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    "[This book] mirrors all of Nietzsche's thought and could be related in hundreds of ways to his other books, his notes, and his letters. And yet it is complete in itself. For it is a work of art." —Walter Kaufmann in the Introduction Nietzsche called The Gay Science "the most personal of all my books." It was here that he first proclaimed the death of God—to which a large part of the book is devoted—and his doctrine of the eternal recurrence. Walter Kaufmann's commentary, with its many quotations from previously untranslated letters, brings to life Nietzsche as a human being … (Goodreads)

  14. Ethics

    by Baruch Spinoza
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    Published shortly after his death, the Ethics is undoubtedly Spinoza's greatest work - an elegant, fully cohesive cosmology derived from first principles, providing a coherent picture of reality, and a guide to the meaning of an ethical life. Following a logical step-by-step format, it defines in turn the nature of God, the mind, the emotions, human bondage to the emotions, and the power of understanding - moving from a consideration of the eternal, to speculate upon humanity's place in the natural order, the nature of freedom and the path to attainable happiness. A powerful work of elegant simplicity, the Ethics … (Goodreads)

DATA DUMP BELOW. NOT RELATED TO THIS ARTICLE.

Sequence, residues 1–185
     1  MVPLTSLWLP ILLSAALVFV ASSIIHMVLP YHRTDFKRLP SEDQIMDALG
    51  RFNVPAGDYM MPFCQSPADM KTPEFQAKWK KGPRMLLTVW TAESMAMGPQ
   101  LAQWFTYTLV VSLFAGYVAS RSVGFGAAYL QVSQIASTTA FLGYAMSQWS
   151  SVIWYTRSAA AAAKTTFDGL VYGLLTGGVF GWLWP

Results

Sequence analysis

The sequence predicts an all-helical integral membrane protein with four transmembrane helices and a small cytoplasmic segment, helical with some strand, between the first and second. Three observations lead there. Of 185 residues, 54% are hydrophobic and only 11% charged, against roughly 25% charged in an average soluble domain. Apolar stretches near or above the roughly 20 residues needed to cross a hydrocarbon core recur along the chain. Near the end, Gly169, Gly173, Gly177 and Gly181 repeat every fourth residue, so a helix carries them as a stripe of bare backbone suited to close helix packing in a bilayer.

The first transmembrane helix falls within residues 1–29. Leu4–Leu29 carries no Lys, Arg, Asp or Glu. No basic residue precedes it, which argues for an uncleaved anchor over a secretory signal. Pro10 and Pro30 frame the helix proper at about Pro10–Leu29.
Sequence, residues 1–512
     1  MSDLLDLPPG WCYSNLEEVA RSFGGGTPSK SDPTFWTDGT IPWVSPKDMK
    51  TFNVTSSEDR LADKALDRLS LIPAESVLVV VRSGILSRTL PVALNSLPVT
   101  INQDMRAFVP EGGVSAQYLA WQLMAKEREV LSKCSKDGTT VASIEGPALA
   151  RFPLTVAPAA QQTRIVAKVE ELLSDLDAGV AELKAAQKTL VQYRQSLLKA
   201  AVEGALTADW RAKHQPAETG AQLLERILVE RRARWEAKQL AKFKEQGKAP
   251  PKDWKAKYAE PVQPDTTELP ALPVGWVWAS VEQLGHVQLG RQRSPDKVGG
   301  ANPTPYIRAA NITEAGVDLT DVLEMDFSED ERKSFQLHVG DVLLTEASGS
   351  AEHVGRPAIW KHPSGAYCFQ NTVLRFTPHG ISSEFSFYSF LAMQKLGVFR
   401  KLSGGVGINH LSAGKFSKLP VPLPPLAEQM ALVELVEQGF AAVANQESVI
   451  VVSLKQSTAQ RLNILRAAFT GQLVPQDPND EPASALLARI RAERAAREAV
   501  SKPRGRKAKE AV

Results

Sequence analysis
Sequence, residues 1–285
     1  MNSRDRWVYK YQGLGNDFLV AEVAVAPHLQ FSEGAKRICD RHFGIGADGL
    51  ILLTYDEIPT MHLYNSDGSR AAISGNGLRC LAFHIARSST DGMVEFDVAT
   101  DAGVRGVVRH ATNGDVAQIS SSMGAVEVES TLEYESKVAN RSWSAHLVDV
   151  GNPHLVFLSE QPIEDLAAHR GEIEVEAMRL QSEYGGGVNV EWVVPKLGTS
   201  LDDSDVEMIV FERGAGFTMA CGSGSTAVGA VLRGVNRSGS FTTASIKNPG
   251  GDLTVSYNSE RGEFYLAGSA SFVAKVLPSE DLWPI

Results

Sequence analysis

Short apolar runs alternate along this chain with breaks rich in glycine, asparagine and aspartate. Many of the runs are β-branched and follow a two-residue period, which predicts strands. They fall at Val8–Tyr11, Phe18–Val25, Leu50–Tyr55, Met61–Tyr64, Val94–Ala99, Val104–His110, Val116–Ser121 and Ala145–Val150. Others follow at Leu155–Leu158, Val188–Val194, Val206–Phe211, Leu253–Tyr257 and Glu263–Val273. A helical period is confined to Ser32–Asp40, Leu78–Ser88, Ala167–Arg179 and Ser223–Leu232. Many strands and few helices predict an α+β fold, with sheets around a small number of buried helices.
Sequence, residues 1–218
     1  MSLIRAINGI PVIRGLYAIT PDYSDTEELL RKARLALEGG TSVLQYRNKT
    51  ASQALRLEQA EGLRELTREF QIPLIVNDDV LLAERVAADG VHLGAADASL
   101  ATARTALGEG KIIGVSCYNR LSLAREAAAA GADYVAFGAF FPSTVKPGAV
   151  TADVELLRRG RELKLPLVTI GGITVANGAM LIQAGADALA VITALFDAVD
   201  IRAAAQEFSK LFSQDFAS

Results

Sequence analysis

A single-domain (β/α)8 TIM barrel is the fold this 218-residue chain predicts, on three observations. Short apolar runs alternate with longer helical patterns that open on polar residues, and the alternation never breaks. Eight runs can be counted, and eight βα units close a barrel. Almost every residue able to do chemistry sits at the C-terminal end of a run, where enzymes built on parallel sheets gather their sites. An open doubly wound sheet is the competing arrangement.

15. The Social Contract

    by Jean-Jacques Rousseau
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    Readership: Eclectic

    "Man is born free; and everywhere he is in chains." These are the famous opening words of a treatise that has not ceased to stir vigorous debate since its first publication in 1762. Rejecting the view that anyone has a natural right to wield authority over others, Rousseau argues instead for a pact, or ‘social contract’, that should exist between all the citizens of a state and that should be the source of sovereign power. From this fundamental premise, he goes on to consider issues of liberty and law, freedom and justice, arriving at a view of society that has … (Goodreads)

  16. The Prince

    by Niccolò Machiavelli
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    Readership: Fairly popular

    Machiavelli needs to be looked at as he really was. Hence: Can Machiavelli, who makes the following observations, be Machiavellian as we understand the disparaging term? 1. So it is that to know the nature of a people, one need be a Prince; to know the nature of a Prince, one need to be of the people. 2. If a Prince is not given to vices that make him hated, it is unsusal for his subjects to show their affection for him. 3. Opportunity made Moses, Cyrus, Romulus, Theseus, and others; their virtue domi-nated the opportunity, making their homelands noble … (Goodreads)

  17. An Enquiry Concerning Human Understanding

    by David Hume